WASHINGTON (Reuters) – Wells Fargo & Co has not convinced U.S. regulators it is doing enough to repay 600,000 drivers who were wrongly pushed into buying auto insurance, a leading bank regulator said on Tuesday.
FILE PHOTO: Joseph M. Otting speaks after being sworn in as Comptroller of the Currency in Washington, U.S., November 27, 2017. REUTERS/Joshua Roberts/File Photo
“We are not comfortable where we are with them,” Joseph Otting, the Comptroller of the Currency, said at a hearing of the U.S. Senate Banking Committee.
In a statement, the bank declined to comment on Otting’s remarks specifically, but said it was working with regulators to repay drivers.
“We regret how this issue has impacted our customers,” the fourth-largest U.S. bank by assets said in a statement.
Otting’s office this summer rejected Wells Fargo’s plan to repay customers who were pushed into unnecessary auto insurance and told the bank it must do more to find and compensate every driver who was hurt, Reuters reported in September. [L2N1VX1X3]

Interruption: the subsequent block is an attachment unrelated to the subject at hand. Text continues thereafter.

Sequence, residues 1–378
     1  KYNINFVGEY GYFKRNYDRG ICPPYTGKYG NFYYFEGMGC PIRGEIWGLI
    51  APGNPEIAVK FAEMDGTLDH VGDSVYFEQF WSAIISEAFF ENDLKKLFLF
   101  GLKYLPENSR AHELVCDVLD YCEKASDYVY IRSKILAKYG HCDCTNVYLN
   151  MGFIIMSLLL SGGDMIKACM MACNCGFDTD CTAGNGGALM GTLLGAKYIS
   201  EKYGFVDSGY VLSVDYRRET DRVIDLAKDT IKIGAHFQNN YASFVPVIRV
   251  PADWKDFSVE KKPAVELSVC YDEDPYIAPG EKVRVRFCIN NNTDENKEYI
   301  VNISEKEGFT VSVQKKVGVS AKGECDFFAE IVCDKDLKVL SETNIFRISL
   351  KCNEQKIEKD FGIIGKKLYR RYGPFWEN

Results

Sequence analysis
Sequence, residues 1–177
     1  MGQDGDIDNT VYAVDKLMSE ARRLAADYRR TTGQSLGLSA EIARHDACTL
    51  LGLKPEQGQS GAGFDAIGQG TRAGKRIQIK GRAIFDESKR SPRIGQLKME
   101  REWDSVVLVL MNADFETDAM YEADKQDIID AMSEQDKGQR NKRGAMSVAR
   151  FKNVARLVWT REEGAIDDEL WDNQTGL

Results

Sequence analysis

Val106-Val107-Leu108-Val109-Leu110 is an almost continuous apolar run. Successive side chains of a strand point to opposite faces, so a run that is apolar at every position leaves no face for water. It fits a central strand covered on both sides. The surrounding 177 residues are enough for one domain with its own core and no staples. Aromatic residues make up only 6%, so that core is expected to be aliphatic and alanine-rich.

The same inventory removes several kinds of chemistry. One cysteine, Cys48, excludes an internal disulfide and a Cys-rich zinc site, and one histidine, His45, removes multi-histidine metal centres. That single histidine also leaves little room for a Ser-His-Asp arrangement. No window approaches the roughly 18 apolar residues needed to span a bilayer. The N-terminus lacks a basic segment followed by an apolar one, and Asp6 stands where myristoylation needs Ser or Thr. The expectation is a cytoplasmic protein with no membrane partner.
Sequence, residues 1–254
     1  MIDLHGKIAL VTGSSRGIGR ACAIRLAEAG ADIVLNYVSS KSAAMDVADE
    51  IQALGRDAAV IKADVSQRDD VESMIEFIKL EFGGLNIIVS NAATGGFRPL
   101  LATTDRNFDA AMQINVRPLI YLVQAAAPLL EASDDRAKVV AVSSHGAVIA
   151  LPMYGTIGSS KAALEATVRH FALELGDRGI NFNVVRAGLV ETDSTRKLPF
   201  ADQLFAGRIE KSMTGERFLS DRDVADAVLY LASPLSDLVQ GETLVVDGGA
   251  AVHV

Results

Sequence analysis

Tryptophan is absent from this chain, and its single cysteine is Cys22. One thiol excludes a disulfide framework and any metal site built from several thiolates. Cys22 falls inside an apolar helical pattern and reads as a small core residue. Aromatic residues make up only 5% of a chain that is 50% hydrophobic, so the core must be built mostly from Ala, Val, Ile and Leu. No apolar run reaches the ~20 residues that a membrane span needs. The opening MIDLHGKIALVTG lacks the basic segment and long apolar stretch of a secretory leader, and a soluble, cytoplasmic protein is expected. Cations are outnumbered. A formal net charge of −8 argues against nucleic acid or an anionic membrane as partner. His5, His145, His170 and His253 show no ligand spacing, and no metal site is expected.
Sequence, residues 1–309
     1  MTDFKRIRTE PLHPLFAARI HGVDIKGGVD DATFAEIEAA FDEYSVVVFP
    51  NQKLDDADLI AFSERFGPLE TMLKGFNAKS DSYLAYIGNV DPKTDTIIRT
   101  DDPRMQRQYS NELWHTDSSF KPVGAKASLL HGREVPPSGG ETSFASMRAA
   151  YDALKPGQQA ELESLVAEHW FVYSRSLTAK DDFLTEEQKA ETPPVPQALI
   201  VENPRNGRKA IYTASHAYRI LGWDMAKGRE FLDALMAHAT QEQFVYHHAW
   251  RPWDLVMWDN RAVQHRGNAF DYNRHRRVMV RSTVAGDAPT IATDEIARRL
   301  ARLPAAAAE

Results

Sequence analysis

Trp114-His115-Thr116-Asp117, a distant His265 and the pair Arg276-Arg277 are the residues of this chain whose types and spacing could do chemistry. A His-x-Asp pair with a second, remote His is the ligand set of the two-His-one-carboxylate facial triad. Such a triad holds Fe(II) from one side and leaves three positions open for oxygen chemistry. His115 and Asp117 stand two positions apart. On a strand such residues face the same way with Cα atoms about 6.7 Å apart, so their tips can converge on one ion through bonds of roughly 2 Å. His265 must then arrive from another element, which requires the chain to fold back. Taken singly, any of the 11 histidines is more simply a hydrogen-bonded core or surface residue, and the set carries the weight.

The rejection was the latest setback for Wells Fargo which has been rocked by two years of scandals over its sales practices.
In September 2016, the bank paid a $190 million fine after admitting employees had opened perhaps millions of phony customer accounts to hit sales goals.
In April, the bank paid a $1 billion fine to U.S. regulators for auto insurance and mortgage lending abuses and promised to make sure customers were repaid.
Drivers who bought a car with a loan from Wells Fargo and let their insurance lapse could be charged for “forced-place” policies. The bank enrolled about 2 million drivers into such policies and more than a quarter of those were not needed, officials have said.
The OCC does not have a deadline for when it must approve the plan, but Wells Fargo cannot finish its work without that all-clear from regulators.
Democratic Senator Brian Schatz asked Otting when Wells Fargo customers should expect a refund for the faulty charges.
“I don’t have the particular date in front of me,” Otting said, but he said he trusts OCC employees to push the bank to get the job done correctly.
Reporting By Patrick Rucker and Pete Schroeder; Editing by Meredith Mazzilli
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